Those tuning in to their Sunday night commercial TV bulletins around Melbourne last weekend were treated to an old-fashioned tabloid set piece. Wog Ball hooligans they all but screamed, as reports of a fracas involving fans of Sydney FC and Melbourne Victory at the Telstra Dome on Saturday night had somehow been transformed into a full scale riot in the hunt for a headline.
Sadly, the facts didn’t quite justify the headline hype. Eight fans were evicted from the venue. There were a couple of tram windows broken by empty head morons on the way to the ground in what has become a lame tradition of visiting fans walking en masse to the venue in a pathetic show of strength. Inevitably, the use of capsicum spray by the police was used at the end of the match to separate fans at as the verbal volleys being fired off threatened to escalate into something ugly.
All of which is totally unacceptable, and as the A-League continues to eke out a home for itself in Australia’s sporting mainstream it can ill afford incidents like this. With 32,000 in attendance last Saturday, the FFA must be furious that a retinue of knuckle dragging adolescents play acting in some football hooligan pantomime they’ve read about on the terraces of Marseille or Milan should characterize the nature of the contemporary game in this country.
FFA boss Frank Lowy has vowed to stamp it out and ban offenders for life.
He and his CEO Ben Buckley, along with the participating clubs will need to act fast and be decisive when next confronted with such an incident. In the battle for legitimacy in a sports market already bursting at the seams, the A-League and Football in general have little margin for error.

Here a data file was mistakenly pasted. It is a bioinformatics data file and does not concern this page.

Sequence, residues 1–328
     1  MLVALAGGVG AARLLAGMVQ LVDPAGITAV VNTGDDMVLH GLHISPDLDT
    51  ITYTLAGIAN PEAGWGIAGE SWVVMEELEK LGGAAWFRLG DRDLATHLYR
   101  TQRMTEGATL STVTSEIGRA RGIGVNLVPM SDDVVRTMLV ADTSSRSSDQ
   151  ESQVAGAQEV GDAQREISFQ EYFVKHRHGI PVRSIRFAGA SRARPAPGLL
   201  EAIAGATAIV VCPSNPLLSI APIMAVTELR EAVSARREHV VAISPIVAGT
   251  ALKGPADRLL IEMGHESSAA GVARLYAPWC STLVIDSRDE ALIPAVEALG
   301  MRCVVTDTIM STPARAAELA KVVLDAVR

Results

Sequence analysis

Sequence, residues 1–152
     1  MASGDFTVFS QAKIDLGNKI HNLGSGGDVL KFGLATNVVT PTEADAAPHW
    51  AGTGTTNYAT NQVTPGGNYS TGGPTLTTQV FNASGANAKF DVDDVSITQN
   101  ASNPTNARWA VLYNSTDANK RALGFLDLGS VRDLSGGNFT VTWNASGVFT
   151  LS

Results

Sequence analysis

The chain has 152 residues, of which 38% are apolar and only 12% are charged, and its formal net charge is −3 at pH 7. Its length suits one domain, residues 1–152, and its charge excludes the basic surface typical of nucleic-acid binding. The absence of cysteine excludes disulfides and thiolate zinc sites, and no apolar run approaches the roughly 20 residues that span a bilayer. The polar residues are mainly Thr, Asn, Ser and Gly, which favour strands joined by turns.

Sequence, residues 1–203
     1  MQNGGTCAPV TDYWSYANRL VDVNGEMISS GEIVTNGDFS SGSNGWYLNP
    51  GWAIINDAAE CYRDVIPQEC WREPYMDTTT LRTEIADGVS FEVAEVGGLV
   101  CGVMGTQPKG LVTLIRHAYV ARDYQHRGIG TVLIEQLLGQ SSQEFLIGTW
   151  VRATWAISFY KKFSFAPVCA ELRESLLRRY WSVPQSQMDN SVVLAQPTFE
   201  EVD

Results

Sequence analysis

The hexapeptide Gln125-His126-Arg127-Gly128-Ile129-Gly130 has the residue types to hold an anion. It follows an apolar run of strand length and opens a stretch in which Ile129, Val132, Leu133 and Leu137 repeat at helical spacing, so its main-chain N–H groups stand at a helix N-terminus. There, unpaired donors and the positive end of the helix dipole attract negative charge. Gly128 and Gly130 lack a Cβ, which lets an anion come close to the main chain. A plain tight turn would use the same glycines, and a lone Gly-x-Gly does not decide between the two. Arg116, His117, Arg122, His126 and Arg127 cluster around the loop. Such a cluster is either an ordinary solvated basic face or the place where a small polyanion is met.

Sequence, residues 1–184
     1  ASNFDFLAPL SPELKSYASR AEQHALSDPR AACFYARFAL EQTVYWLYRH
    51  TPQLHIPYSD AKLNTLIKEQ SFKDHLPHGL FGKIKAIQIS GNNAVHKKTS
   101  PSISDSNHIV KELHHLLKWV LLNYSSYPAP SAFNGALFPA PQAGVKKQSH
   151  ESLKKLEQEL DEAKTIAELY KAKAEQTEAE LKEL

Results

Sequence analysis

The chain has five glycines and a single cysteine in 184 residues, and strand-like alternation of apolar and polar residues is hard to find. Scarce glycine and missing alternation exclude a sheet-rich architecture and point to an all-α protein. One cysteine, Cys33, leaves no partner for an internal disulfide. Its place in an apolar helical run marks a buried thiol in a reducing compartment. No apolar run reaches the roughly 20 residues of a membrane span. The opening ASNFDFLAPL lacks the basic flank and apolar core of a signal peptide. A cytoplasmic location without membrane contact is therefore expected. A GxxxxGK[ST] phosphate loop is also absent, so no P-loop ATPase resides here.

The mainstream media is deeply suspicious of the game, and in some cases openly hostile to it. Take one commercial news bulletin from the weekend. Starved of actual footage of the disturbance, it ran with file footage of an incident at Bob Jane stadium involving a South Melbourne match in the old NSL. It seemed that if you’ve seen one soccer riot, you’ve seen ‘em all!
The message was clear though. The game is dangerous and we’d be better off rid of it. And there’s the obvious dog whistle aspect as well. This is the old wog ball with its balkanised politics and petty hatreds all dressed up in its new corporate kit but with the same old impulse for violence.
Melbourne media is particularly hostile. With literally hundreds of people making a living covering AFL football it’s in their self-interest to jump in with a two-footed tackle whenever they can to knock the FFA and A-League off their perch. Stupidity and recklessness as displayed by the mob of fans who caused the disturbance last Saturday night plays right into the hands of those who would rather see the back of the game all together.